The movie The Black Phone by Scott Derrickson, formally belongs to the horror genre. But it is much more than a horror story. Also, it could be said that it links with suspense. But also, it overflows its usual codes.
Between both things, the film is a story that navigates in the darkness of murders, ghosts and an urgent desire for revenge. However, the script by Scott Derrickson, C. Robert Cargill and author Joe Hill, has more ambitions than to scare or inconvenience. In fact, what he wants is to create a snapshot of the core in which darkness and the unknown converge. Also, the perception of fear as something more than a reaction.
The Black Phone it is built to narrate the perceptions of good and evil from the darkness of men. At once, narrate in a neat way the condition of the terrifying, halfway between fantasy and the realistic brutality of the murder. If there is something surprising about the film, it is the ductile ability to advance between uneven terrain and find a balance.
It is the story of Grabber, a terrifying serial killer (Ethan Hawke), but at the same time, it is the story about his victims. As if that weren’t enough, the compulsion for revenge takes a motor sense into something darker. Derrickson takes Joe Hill’s original story and turns it into pure darkness. Also, in questions about uncertainty, absence and loss. But above all, the violence. A stark, unusual and manifested from different perceptions.
In The Black Phone, terror is expressed in various layers and degrees of depth. And that is his main strength. From Hawke’s Grabber, with its weird mask, black globes and sense of menace, to the titular black phone. The film bounces back and forth in a tricky plot where nothing is what it seems. It might as well just seem like a chilling connection between the supernatural and brutal violence. But the script is cleverer than that and invades novel spaces with ease. So, the premise of the serial killer, who will have to face the unimaginable, is surprising for his good work. Especially when it widens and embraces with ambition, the conscious look at what contemporary fear can be.
‘The Black Phone’, when fear is a piece in a great mechanism
Derrickson’s film moves away from the usual clichés about the horror genre as a setting for the unimaginable. And although at a certain point it pays tribute to a long selection of careful references to the bloodiest cinema, it is more than that. The camera follows Grabber, a murderer who kidnaps teenagers and tells his story from the conscience of what he does and does not show. This ruthless predator has a method, a signature and keeps trophies. And also, there is a possibility that Grabber, for all his violent arrogance, could never contemplate. It is that point that the director explores and that the script makes the most of.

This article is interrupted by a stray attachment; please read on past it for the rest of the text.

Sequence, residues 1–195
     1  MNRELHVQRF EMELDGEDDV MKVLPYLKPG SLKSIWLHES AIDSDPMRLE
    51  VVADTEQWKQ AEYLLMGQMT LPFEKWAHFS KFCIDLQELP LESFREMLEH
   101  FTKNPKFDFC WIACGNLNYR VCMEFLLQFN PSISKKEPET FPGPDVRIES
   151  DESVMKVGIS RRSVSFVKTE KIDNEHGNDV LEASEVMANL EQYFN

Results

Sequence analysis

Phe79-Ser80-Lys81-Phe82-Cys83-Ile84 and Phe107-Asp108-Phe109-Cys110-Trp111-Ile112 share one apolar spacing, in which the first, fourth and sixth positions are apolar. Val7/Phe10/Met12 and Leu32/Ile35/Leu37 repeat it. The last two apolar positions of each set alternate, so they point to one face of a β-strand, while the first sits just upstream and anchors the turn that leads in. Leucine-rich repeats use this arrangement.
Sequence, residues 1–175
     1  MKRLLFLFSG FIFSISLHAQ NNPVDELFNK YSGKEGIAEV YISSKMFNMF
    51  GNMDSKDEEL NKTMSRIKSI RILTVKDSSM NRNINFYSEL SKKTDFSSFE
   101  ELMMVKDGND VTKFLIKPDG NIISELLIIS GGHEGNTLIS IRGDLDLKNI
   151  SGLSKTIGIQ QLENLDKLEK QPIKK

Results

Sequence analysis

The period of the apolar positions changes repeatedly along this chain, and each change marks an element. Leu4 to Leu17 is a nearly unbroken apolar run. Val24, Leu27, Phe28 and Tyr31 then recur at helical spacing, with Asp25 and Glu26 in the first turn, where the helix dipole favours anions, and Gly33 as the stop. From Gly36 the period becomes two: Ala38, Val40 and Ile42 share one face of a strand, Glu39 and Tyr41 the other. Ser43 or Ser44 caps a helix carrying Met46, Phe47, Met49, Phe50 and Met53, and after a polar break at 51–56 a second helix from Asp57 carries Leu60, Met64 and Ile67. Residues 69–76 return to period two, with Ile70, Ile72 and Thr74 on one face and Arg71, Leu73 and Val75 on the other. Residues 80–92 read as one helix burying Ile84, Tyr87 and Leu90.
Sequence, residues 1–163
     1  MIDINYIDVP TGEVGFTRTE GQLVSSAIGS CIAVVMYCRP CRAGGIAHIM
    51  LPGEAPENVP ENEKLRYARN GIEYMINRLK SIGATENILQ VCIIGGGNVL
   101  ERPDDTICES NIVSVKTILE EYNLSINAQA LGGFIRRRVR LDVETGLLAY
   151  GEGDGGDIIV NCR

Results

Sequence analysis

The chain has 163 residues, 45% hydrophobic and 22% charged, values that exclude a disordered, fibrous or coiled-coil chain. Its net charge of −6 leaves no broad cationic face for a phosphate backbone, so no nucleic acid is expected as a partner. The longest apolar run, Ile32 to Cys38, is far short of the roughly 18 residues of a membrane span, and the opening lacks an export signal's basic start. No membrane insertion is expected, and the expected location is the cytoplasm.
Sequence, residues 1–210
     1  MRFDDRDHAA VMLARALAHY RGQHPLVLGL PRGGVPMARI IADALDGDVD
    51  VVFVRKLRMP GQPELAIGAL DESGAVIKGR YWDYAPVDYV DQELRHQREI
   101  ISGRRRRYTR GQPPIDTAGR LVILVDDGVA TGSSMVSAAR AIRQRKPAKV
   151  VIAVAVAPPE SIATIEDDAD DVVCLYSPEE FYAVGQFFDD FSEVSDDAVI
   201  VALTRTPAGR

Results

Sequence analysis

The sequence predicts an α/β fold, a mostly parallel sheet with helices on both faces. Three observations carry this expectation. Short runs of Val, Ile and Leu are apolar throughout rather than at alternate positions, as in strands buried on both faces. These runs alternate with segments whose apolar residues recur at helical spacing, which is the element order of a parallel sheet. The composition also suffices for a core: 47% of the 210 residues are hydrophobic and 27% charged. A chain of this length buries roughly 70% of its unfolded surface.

Especially, because Derrickson finds the essential point in this narrative with a plot that manages several narrative threads at the same time. That of conceiving the paranormal and the bloody as a single whole that is sustained by a firm history. In the Denver of 1978, the horror manifests itself as murders. A wave of them, actually, that the film uses as context. Of course, the dark culture surrounding violent murders allows the director to provide a compelling atmosphere. It is the same country that saw Ted Bundy assassinated, Sam Berkovich and was terrified by Zodiac. The same one who watched in amazement at the details of brutal crimes on television.
One of the many points in favor of The Black Phone, is to use the atmosphere of fear and collective anguish, to create a precise scenario. One that the director recreates through long contemplative shots and the incessant feeling that evil is lurking. He does, too, by endowing Finney (Mason Thames), the scapegoat for a heartless criminal, as a gateway to something more unsettling. The entire structure of the film works on its ability to dialogue with the terrifying spaces. Grabber’s method and his domain, made up of a basement primed for crime. And Finney’s struggle to survive. For facing Grabber and the possibility of what he will suffer at his hands. Also, from the darkness lurking in the very center of darkness.
The closed doors in ‘The Black Phone’
that’s when The Black PhoneFind your best moments. Grabber will have to face an unexpected element. That he will test his fierceness, violence and cruelty. But at the same time, he will show that within every horror story, there are intangible monsters, much worse than the visible ones. Derrickson takes the best moments from the premise of Hill’s story and composes a brutal conception of overwhelm, survival and in the end, evil. One twisted, poisonous and about to wipe out all the characters in the film.
Of course, the old black telephone on the basement wall is the central focus of the film’s supernatural play. But Derrickson does not fall into the trap of creating the perception that it is the most important and therefore indispensable element. The Black Phone is much more than ads of a deep and psychological type of horror. It is the world that generates, through its nuances and what is most disturbing, the dark beauty that results from the combination. Perhaps his greatest merit.